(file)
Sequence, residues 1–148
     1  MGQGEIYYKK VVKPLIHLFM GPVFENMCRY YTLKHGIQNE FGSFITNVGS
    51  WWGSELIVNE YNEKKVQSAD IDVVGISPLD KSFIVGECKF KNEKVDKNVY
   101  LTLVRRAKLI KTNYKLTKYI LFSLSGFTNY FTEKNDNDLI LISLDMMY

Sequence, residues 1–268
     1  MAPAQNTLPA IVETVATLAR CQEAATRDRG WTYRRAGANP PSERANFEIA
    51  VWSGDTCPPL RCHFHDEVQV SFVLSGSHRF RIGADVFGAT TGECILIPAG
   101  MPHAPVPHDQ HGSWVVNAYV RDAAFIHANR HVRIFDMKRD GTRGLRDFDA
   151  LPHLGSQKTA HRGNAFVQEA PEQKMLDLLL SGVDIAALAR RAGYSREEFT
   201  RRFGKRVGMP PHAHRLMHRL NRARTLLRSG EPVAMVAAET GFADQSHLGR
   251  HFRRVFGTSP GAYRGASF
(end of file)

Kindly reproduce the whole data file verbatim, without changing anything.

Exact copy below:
Sequence, residues 1–148
     1  MGQGEIYYKK VVKPLIHLFM GPVFENMCRY YTLKHGIQNE FGSFITNVGS
    51  WWGSELIVNE YNEKKVQSAD IDVVGISPLD KSFIVGECKF KNEKVDKNVY
   101  LTLVRRAKLI KTNYKLTKYI LFSLSGFTNY FTEKNDNDLI LISLDMMY

Sequence, residues 1–268
     1  MAPAQNTLPA IVETVATLAR CQEAATRDRG WTYRRAGANP PSERANFEIA
    51  VWSGDTCPPL RCHFHDEVQV SFVLSGSHRF RIGADVFGAT TGECILIPAG
   101  MPHAPVPHDQ HGSWVVNAYV RDAAFIHANR HVRIFDMKRD GTRGLRDFDA
   151  LPHLGSQKTA HRGNAFVQEA PEQKMLDLLL SGVDIAALAR RAGYSREEFT
   201  RRFGKRVGMP PHAHRLMHRL NRARTLLRSG EPVAMVAAET GFADQSHLGR
   251  HFRRVFGTSP GAYRGASF